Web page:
block, the first allocation uses only a part of the cluster block. As the
directory expands, the remaining unused blocks of the data cluster are filled
until the data cluster block is fully used.
A relatively new feature is indexing the directory entries for faster
retrievals and improved lookup times. Ocfs2 maintains a
separate indexed tree based on the hash of the directory names; the hash
index points to the directory block where the directory entry can be found. Once
the directory block is read, the directory entry is searched linearly.
A special directory trailer is placed at the end of a directory block which
contains additional data about that block. It keeps a track of
the free space in the directory block for faster free space lookup during
directory entry insert operations. The trailer also contains the
checksum for the directory block, which is used by the metaecc feature (discussed
A special system directory (//) contains all the metadata files
for the filesystem; this directory is not accessible from a
regular mount. Note that the // notation is used only for the
Files in the system directory, known as system files, are different from regular
files, both in the terms on how they store information and what they store.
An example of a system file is the slotmap, which defines the mapping of a node
in the cluster. A node joins a cluster by providing its unique DLM name. The
slot map provides it with a slot number, and the node inherits all system files
associated with the slot number. The slot number assignment is not persistent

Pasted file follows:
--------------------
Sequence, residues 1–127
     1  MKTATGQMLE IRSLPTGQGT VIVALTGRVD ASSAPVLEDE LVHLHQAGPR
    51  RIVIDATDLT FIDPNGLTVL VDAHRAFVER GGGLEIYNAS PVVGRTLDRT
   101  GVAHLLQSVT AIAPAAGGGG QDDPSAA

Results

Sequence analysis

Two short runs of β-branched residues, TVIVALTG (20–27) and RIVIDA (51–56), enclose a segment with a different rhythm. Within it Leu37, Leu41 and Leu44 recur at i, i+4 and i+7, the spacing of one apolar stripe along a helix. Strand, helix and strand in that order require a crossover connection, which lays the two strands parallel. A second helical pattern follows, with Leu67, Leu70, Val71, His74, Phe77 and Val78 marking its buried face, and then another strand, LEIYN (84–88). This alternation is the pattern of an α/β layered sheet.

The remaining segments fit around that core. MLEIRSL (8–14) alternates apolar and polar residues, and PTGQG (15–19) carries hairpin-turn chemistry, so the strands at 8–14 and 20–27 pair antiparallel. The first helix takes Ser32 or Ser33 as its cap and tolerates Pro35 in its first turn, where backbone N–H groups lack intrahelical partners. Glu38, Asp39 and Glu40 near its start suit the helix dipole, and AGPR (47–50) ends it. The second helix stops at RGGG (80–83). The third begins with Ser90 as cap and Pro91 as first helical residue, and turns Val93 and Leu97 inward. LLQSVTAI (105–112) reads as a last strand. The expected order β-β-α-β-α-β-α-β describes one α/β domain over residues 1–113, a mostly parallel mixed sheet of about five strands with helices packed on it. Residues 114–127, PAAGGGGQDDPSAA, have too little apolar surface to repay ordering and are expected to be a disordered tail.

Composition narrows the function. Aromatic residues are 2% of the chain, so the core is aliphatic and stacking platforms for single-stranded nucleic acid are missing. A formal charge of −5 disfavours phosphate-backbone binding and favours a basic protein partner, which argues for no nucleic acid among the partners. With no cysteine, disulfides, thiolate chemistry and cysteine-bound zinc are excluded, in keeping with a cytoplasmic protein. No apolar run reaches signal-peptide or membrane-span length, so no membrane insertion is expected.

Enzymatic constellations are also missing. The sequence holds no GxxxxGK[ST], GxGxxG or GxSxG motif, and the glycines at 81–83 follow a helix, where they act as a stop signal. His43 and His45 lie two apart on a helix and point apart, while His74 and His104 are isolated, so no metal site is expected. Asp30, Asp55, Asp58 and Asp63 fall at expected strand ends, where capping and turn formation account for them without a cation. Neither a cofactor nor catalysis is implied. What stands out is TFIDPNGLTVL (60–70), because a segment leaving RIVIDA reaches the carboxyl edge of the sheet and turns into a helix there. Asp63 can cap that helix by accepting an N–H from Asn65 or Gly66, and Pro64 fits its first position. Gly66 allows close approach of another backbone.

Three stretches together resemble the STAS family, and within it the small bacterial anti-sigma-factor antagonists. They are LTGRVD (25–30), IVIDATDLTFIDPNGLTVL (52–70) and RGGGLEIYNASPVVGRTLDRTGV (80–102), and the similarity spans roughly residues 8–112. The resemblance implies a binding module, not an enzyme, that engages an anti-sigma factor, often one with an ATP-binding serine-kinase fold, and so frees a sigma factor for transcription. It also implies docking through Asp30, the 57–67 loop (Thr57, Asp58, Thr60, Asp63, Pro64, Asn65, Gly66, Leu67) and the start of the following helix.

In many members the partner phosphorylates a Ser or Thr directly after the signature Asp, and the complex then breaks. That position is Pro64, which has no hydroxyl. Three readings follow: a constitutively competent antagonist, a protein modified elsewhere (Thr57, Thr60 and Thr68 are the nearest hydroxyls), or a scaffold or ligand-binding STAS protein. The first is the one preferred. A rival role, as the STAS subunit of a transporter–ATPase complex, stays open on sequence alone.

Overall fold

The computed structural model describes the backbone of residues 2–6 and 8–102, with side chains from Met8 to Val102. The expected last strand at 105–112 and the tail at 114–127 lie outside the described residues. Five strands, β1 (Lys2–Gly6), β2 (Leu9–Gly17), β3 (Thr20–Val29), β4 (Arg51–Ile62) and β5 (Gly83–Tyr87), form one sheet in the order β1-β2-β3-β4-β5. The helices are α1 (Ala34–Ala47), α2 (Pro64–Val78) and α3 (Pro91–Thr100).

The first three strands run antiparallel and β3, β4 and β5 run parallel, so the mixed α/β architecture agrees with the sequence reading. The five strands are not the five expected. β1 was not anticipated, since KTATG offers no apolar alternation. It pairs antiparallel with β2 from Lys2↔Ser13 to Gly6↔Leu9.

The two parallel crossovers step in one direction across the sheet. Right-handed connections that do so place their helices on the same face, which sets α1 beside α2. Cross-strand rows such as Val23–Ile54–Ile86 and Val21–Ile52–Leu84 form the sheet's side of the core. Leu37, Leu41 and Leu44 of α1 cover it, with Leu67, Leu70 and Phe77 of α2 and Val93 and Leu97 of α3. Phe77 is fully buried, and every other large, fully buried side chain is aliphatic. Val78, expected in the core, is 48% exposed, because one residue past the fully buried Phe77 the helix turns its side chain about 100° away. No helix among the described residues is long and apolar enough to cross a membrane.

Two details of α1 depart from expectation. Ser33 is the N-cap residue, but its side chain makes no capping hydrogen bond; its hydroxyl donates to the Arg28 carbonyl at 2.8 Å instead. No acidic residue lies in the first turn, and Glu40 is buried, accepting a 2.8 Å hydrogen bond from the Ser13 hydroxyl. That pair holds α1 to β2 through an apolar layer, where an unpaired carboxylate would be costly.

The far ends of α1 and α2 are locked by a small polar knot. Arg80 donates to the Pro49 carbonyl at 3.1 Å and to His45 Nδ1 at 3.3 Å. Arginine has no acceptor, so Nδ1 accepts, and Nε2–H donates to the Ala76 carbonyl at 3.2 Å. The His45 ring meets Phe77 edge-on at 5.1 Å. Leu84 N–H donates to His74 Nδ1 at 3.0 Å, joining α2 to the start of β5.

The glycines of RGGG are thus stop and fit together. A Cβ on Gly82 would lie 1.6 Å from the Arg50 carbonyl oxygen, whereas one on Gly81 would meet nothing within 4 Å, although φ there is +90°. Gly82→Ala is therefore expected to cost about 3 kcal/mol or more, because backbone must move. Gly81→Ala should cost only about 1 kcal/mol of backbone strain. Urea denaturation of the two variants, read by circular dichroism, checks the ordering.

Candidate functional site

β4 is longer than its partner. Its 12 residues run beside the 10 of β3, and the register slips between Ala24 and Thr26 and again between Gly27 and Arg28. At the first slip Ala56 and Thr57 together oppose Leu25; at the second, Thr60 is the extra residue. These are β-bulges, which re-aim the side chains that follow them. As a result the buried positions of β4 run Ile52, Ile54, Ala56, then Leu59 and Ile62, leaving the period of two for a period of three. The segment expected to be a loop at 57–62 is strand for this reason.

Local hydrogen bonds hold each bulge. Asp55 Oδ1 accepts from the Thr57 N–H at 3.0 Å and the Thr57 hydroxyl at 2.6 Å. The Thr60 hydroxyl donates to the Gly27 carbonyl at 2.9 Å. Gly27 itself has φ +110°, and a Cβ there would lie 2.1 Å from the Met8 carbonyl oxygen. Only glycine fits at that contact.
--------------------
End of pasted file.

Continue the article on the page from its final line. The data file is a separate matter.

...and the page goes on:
across boots, so a node may inherit the system files of another node. All
node-associated files are suffixed by the slot number to differentiate the files
of different slots.
A global bitmap file in the system directory keeps a record of the allocated
blocks on the device. Each node also maintains a "local allocations" system
file, which manages chunks of blocks obtained from the global
bitmap. Maintaining local allocations decreases contention over global
The allocation units are divided into the following:
- inode_alloc: allocates inodes for the local node.
- extent_alloc: allocates extent blocks for the local node. Extent
blocks are intermediate leaf nodes in the B-tree storage of the files.
- local_alloc: allocates data in data cluster sizes for the use of
regular file data.
Each allocator is associated with an inode; it maintains allocations in
units known as "block groups." The
allocation groups are preceded by a group descriptor which contains details
about the block group, such as free units, allocation bitmaps etc. The
allocator inode contains a chain of group descriptor block pointers. If this
chain is exhausted, group descriptors are added to the existing ones in the
linked list. Think of it as an array of linked lists. The new group
added to the smallest chain so that number of hops required to reach an
allocation unit is small.
Things get complicated when allocated data blocks are freed because those